You may have heard about dream feeding from your neighbor or mom’s group, but you may not know exactly what it is. Here are the ins and outs of dream feeding so that you can decide if it’s a good fit for you and your little one.
What Is Dream Feeding
A dream feed — sometimes also called a sleep feed — is a feeding delivered to your baby while he is sleeping. That’s right — while he is sleeping. You just pick up the baby and offer him breast or bottle, generally before you yourself go to bed for the night. “I often have parents time the dream feed to follow the same spacing pattern as daytime feedings to ensure optimal intake,” says Karen Schwarzbach, a certified sleep consultant and founder of Babies to Sleep. So if you’re feeding your baby every three hours by day, the dream feed would be three hours after your baby’s last awake feeding. Usually you’ll dream feed your baby once per night — and don’t forget to burp him!
What Are the Benefits?
Some parents, especially those whose babies have medical issues such as gastroesophageal reflux disease (GERD), find that dream feeding allows the baby to escape the pain associated with nursing or bottle feeding, says Melanie Potock, a pediatric speech-language pathologist, feeding specialist and coauthor of the forthcoming book “Parenting in the Kitchen” For other families, the appeal of dream feeding is that the baby will sleep through the night instead of waking up for a feeding, says Schwarzbach. Still others do it if their babies do not consume enough milk or formula during the day. The dream feed can ensure your baby is getting the amount of milk or formula your doctor recommends.
What Are Some Drawbacks?
As long as your baby is getting plenty of time experiencing reflexive suckling while awake, he’ll learn how to suckle on his own. But when baby becomes dependent on dream feeding, no learning is taking place, and it’s possible that he’ll lose his ability to suck purposely, says Potock. “My recommendation is to keep a balance between dream feeding and conscious suckling. That way, baby is soothed and comforted and may even fall asleep at the breast or toward the end of a bottle, but is still learning to suck-swallow-breathe with intention over time.”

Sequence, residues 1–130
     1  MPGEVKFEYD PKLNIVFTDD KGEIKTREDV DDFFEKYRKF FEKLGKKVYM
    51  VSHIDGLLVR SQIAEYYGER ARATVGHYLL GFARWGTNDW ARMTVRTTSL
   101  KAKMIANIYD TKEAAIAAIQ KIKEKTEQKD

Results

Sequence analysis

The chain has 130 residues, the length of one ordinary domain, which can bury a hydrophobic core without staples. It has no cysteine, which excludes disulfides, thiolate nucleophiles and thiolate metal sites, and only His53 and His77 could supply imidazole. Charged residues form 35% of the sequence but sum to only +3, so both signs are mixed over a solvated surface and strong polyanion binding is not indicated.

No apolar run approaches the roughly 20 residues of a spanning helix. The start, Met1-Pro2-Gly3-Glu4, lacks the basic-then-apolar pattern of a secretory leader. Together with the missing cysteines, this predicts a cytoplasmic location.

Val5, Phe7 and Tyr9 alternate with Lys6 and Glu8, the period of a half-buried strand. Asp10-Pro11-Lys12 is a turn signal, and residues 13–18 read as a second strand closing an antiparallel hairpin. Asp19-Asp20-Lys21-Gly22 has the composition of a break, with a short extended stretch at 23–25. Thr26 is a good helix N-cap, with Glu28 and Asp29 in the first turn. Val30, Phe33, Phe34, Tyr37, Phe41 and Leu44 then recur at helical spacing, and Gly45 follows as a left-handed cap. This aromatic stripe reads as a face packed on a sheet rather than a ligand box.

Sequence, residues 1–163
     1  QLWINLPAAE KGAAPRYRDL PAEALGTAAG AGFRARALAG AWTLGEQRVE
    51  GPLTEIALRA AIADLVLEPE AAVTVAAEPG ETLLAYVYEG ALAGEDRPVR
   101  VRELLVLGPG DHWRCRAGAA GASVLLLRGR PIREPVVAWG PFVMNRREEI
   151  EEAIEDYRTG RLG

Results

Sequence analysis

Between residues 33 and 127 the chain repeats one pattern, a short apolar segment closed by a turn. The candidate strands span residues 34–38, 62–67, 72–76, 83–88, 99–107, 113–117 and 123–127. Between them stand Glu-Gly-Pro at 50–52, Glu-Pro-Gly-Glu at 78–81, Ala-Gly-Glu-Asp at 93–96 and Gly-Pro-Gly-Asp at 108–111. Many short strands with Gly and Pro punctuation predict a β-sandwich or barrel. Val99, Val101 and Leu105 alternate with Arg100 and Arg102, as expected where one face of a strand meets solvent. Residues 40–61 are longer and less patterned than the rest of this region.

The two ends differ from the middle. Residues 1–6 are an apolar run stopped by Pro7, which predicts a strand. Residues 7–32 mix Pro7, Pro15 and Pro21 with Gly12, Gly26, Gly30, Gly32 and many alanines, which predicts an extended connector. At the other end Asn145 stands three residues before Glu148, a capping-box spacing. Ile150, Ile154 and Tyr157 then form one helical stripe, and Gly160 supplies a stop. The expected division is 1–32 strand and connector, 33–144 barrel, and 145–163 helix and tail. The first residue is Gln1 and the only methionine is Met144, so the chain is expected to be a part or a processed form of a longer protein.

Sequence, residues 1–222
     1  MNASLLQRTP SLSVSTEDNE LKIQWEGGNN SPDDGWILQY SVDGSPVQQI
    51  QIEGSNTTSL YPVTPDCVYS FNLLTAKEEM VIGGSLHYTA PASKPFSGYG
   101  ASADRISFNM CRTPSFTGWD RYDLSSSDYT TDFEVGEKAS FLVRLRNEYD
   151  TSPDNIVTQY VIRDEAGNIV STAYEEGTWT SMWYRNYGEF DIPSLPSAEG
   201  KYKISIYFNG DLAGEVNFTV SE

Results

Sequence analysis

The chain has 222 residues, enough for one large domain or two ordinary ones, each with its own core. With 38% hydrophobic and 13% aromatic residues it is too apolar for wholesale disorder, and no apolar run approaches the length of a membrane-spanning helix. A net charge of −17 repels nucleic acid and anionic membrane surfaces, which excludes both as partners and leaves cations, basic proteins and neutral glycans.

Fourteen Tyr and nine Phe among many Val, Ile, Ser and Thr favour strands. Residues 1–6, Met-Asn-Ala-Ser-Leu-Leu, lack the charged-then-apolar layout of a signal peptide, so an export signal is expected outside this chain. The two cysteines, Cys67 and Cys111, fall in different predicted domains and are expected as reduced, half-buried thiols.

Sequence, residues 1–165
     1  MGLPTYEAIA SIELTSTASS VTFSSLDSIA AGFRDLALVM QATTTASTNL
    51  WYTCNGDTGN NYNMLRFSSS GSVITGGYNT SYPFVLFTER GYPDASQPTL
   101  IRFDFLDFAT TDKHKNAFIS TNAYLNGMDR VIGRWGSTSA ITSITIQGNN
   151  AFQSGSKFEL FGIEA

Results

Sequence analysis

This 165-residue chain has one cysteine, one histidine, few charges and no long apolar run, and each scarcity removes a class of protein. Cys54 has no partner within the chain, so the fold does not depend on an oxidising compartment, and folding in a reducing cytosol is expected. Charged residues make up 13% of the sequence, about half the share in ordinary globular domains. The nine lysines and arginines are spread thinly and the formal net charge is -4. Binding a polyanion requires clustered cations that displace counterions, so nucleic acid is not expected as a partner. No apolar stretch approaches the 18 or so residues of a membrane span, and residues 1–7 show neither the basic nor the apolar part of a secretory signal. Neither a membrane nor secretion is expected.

Also, although dream feeding does benefit babies who aren’t getting enough calories during the day, not every baby needs those extra calories. And if he doesn’t, you’re not saving yourself any sleep, because you end up “stimulating the digestive process by delivering food the body now has to process,” says Schwarzbach. “It’s not only overfeeding the baby, but it can result in a full diaper that then needs to be changed before morning.” That full diaper might wake your baby up. Who’s dreaming now?
What Should You Do?
Ultimately, whether you decide to dream feed or not is a personal choice. Some moms think it’s better for babies to eat only when they’re awake, so dream feeding isn’t a good option for them. Other moms may have a difficult time getting their babies to sleep through the night or fear that their babies are not consuming enough calories during the day, so dream feeding may appeal to them. Plus, some babies take to it and will suck reflexively while they’re asleep, while others may wake up or get fussy.
To help make your decision, check with your pediatrician to get her thoughts. If you do decide to try it, follow your baby’s cues. It will be a better fit for some babies than for others. As with most parenting decisions, it will involve some trial and error, but in the end, you’ll figure out what’s best for both you and your baby. Sweet dreams!
Want tips on breastfeeding? Read How to Create a Baby Feeding Schedule.
Judy Koutsky is the former Editorial Director of KIWI magazine, a green parenting publication. She was also Executive Editor of Parenting.com, AOL Parent and BabyTalk.com. Follow her on twitter.